This, however, is not alone dispositive. There can be no doubt that the municipality had the power under the Third Class City Code to create a retirement plan for its employees. The City also had the power to enter and terminate contracts of employment in order to provide personnel for the maintenance of its streets. Where, as here, the appellee rendered services pursuant to an ordinance providing for retirement benefits, its provisions became a part of the compensation which the City agreed to pay for such services and, therefore, a part of the contract of employment. It would be a cruel hoax to permit the municipality, after

[ 277 Pa. Super. Page 348]

    appellee had retired from his employment upon the promise of the City to pay him benefits of $100 per month, to withdraw its promise and leave appellee without employment or retirement income.

A municipality like a private corporation is subject to the doctrine of estoppel. It may be estopped to deny the authority of its agents and employees to act if it has the power to act. Ordinarily, a governmental agency will not be bound for an act of its agents in excess of its corporate powers. Breinig v. Allegheny County, 332 Pa. 474, 485-86, 2 A.2d 842, 849-50 (1938). However, "[t]here is a distinction between an act utterly beyond the jurisdiction of a municipal corporation and the irregular exercise of a basic power under the legislative grant in matters not in themselves jurisdictional. The former are ultra vires in the primary sense and void; the latter, ultra vires only in a secondary sense which does not preclude ratification or the application of the doctrine of estoppel in the interest of equity and essential justice." City of East Orange v. Board of Water Commissioners of East Orange, 73 N.J.Super. 440, 464, 180 A.2d 185, 199 (1962); Summer Cottagers' Ass'n of Cape May v. City of Cape May, 19 N.J. 493, 504, 117 A.2d 585, 590-91 (1955). This is applicable to the instant case. The City has been empowered to employ persons to maintain its streets, to pay for the services of employees hired for such purpose and to provide for their retirement. If, in conducting its authorized purposes, the City failed to comply in all respects with the enabling legislation, it should not be permitted to benefit by its own mistake to the detriment of an innocent employee.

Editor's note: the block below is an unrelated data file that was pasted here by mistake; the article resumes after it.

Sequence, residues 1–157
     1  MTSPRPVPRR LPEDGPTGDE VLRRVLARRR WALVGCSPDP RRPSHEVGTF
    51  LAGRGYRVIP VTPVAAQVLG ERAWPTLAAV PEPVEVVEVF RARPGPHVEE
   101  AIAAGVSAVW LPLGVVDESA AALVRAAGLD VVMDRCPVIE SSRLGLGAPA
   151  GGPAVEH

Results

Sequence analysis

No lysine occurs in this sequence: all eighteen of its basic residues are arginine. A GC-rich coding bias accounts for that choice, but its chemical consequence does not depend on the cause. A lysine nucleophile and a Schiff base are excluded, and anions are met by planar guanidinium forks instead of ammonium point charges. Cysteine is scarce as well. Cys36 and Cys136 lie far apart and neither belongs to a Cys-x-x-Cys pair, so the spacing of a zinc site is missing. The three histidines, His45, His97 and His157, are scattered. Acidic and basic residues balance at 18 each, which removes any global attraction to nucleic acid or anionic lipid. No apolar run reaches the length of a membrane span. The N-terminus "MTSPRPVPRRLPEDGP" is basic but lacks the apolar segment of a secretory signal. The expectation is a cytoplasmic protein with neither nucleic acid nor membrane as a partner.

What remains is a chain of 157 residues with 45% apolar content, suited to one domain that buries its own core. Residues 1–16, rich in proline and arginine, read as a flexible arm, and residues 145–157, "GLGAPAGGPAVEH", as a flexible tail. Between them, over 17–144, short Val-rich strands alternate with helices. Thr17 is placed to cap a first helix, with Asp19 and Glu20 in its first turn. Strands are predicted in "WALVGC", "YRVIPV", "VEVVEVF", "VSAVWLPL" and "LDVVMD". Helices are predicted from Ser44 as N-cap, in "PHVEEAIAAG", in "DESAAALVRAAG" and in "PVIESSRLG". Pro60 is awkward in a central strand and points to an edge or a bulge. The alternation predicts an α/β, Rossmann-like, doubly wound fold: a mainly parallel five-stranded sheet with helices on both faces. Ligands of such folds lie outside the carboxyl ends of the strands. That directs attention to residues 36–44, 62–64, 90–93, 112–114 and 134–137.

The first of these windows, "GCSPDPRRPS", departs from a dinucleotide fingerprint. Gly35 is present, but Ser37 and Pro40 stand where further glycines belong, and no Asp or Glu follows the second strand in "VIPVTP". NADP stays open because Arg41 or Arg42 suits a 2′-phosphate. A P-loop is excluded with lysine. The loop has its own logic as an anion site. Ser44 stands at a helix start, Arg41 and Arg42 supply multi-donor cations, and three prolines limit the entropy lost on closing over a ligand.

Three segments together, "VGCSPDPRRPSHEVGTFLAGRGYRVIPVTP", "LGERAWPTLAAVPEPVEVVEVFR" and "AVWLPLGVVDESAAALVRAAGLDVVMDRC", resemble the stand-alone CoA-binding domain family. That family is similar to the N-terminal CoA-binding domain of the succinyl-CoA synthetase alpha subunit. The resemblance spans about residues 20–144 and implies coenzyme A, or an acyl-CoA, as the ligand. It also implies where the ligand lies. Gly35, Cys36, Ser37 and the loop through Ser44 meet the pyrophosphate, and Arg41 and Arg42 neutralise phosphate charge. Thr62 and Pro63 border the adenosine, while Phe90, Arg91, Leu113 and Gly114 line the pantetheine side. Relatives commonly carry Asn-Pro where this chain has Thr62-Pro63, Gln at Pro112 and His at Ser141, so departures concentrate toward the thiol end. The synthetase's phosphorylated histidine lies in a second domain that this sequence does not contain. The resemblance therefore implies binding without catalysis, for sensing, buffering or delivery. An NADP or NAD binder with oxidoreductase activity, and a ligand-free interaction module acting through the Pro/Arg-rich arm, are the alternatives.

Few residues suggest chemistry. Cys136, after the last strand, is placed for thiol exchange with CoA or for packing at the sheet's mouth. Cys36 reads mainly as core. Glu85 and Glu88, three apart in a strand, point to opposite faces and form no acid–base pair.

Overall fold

In Ervin v. Pittsburgh, 339 Pa. 241, 250, 14 A.2d 297, 300 (1940), the Court said: "The doctrine of estoppel is founded on considerations of sound public policy. . . . 'The rule of law is clear that where one by his words or conduct wilfully causes another to believe in the existence of a certain state of things, and induces him to act on that belief, so as to alter his own previous position, the former is concluded from averring against the latter a different state of things as existing at the same time.'"

[ 277 Pa. Super. Page 349]

In the instant case, appellant's retirement committee represented to appellee that he was entitled to a pension and authorized the payment of benefits to him. The appellant municipality paid the authorized benefits for a period of eleven months after appellee had retired from his employment. Had there been any doubt as to appellee's right to retire after only ten years of service, he could have continued to work until the required twelve years had been served. Appellee is now at an age when no other useful employment is available to him. The appellant municipality should not be permitted to thwart appellee's expectation of retirement payments which the City, by its own mistake, was responsible for creating. Right and justice require that appellant be estopped from now refusing to pay retirement benefits. Compare: Baird v. City of Fresno, 97 Cal.App.2d 336, 217 P.2d 681 (1950). See also: Taylor v. Abernathy, supra, 422 Pa. at 642-43, 222 A.2d at 870.


*fn* Judge MAURICE LOUIK of the Court of Common Pleas of Allegheny County, Pennsylvania and Judge OTTO P. ROBINSON of the Court of Common Pleas of Lackawanna County, Pennsylvania were sitting by designation. Judge DONALD E. WIEAND participated in the consideration of this appeal after his term of office had expired by special assignment.